Facing Adversity: Lehi, Laman/Lemuel, and Nephi (1 Nephi 2:7,12,16)

I’m reading the Book of Mormon again. This time, as I read, I’ll be studying it with an emphasis on overcoming obstacles. (I recently read The Obstacle is the Way, by Ryan Holiday, and Im pretty fascinated by what I learned there.

As I read The Obstacle is the Way, I saw many gospel parallels, and thought I should read the Book of Mormon with this framework. So – here we go. Starting straightaway – with Lehi, Nephi, Laman, and Lemuel.

Lehi: Gratitude

” And it came to pass that when he had traveled three days in the wilderness, he pitched his tent in a valley by the side of a river of water.

And it came to pass that he built an altar of stones, and made an offering unto the Lord, and gave thanks unto the Lord our God.” – 1 Nephi 2:6-7

Some background. Lehi, the patriarch of his family, had been a prophet (contemporary with Jeremiah) in Israel. He prophesied of Jerusalem’s destruction – unless they would repent. The people didn’t particularly care for this message. They wanted to kill Lehi.

It wasn’t Lehi’s lot in life to stay in Jerusalem as Jeremiah did. Instead, he was directed, by God, to flee Jerusalem, and that God would guide him to a promised land.

Three days into his journey he has not arrived into the promised land. He really has no idea what he is about to face. He is in the wilderness and has left everything behind. (Oh – and Lehi was rich, so he left a lot behind). Jerusalem has not been destroyed. It would be easy to complain, to think I must be crazy. To second guess yourself and God.

Instead Lehi is grateful. He prays to God. I think that this is a key to successfully navigating difficulty and adversity in life. Instead of choosing the easy option (which is impatience and complaining), when we take the time to be grateful, we open our hearts to opportunity, and above all we broaden our perspective. A broad perspective is key to navigating obstacles and adversities well.

Laman and Lemuel: Lack of Perspective

“And thus Laman and Lemuel, being the eldest, did murmur against their father. And they did murmur because they knew not the dealings of that God who had created them.” – 1 Nephi 2:12

Laman and Lemuel instantly react with complaint and murmuring. They don’t want to leave the comforts of their home – even though a promised land awaits them. They think that their dad is crazy. They want to go back to a comfortable life.

Keep in mind, there is no such thing as a comfortable life! Their lives were in danger – if not from the Jews in Jerusalem who wanted to kill Laban – then, by the coming Babylonians who would destroy Jerusalem later. They were destined, as we all are, for some kind of adversity or another. The journey to the promised land, though arduous, could be argued as “easier” than an alternative.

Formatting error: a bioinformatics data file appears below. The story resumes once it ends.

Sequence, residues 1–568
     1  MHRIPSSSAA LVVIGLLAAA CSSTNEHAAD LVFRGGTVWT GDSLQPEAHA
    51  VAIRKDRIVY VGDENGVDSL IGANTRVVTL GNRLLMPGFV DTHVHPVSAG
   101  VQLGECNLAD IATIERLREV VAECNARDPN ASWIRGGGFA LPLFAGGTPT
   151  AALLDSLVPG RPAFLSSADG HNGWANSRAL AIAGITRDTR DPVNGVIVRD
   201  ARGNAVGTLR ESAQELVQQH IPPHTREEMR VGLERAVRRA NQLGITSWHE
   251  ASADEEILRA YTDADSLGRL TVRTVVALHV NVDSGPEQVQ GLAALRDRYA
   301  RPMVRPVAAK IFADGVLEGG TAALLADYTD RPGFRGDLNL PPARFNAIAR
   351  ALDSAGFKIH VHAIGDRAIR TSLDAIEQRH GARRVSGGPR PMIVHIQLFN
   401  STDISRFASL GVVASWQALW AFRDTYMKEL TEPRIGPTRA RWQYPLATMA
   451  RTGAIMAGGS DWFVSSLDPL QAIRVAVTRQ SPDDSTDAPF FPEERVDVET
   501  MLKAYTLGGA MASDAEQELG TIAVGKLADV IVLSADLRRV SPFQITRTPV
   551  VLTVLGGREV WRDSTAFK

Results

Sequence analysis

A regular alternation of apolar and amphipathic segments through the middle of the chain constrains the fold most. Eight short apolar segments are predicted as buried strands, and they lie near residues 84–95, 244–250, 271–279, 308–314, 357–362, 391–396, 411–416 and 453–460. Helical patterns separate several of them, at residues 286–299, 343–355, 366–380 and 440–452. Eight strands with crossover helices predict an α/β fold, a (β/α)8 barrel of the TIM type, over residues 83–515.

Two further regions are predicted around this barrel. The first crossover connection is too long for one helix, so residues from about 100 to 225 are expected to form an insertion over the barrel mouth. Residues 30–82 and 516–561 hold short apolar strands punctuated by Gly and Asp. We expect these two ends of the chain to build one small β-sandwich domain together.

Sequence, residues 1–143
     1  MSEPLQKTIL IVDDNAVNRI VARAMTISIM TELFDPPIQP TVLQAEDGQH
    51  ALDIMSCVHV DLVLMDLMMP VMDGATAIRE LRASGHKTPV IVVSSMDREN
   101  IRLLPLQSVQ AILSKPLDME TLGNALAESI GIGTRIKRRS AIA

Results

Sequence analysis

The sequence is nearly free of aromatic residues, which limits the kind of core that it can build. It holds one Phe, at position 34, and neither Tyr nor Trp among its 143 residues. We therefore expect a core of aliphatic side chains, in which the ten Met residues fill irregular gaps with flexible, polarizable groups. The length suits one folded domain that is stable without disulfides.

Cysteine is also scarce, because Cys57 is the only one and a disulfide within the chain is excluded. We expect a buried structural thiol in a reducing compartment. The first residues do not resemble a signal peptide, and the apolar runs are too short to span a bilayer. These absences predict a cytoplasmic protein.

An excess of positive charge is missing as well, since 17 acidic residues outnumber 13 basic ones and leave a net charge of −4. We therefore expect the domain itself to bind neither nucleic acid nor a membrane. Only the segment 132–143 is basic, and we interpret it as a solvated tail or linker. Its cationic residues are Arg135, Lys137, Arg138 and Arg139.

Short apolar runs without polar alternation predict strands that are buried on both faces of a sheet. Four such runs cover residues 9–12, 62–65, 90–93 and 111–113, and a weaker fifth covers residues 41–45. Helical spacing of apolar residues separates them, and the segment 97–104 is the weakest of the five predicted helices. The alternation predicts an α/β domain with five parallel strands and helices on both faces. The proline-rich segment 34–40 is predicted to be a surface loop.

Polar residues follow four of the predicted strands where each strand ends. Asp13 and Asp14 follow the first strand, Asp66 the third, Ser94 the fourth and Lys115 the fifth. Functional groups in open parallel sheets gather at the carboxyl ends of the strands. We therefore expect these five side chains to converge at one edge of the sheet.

Yet, Laman and Lemuel react – they complain and murmur. And Nephi explains why – because they did not know the dealings of that God who had created them. They didn’t understand the purpose or role of adversity in life. They didn’t have any perspective. They were selfish and prideful.

Nephi: Not Perfect, but Humble

“And it came to pass that I, Nephi, being exceedingly young, nevertheless being large in stature, and also having great desires to know of the mysteries of God, wherefore, I did cry unto the Lord; and behold he did visit me, and did soften my heart that I did believe all the words which had been spoken by my father; wherefore, I did not rebel against him like unto my brothers.” – 1 Nephi 2:16

I love this example of Nephi here. We often think of Nephi as the culmination of what he is. We think of all that he did – from the outset. Many people who grow up as Mormons know about Nephi and sing songs about him. He is courageous. He is strong (large in stature!). He helps his family cross a sea. He is nearly mythical.

But if we take a second to really read, we see that Nephi is ordinary. He trusts his old man. But going out into the wilderness is still a real challenge – and who knows how long they will be in the wilderness. Nephi trusts his dad, but also wants to know for himself.

This desire is the first part of humility. Having a desire to obtain knowledge is an important admission: you don’t know it all. This kind of humility is the only way to actually gain knowledge. We won’t seek for that we aren’t even aware that we lack.

So – Nephi is humble enough to ask the Lord. And when he does, the Lord proceeds to soften his heart. I don’t know how the Lord did this, but the result is even more trust in the revelation that his father had.

And this process is the foundation on which Nephi will build – it will give him strength to carry on through the deserts of the middle east, through the threat of death by Laban, through starvation, through the task of building a boat, through sailing across the world, through building up a new society.

We learn a bit by these examples. Be grateful, Be humble, Get a perspective. When we do these things, we will be given a better capacity to overcome any obstacle that the Lord sees fit for us to face in our lives.


Joy in Adversity (Ether 6:9)

The Book of Ether (in the Book of Mormon) is a short abridgment of a group of people that lived in the Americas before the Nephite civilization (so – before 600 BC).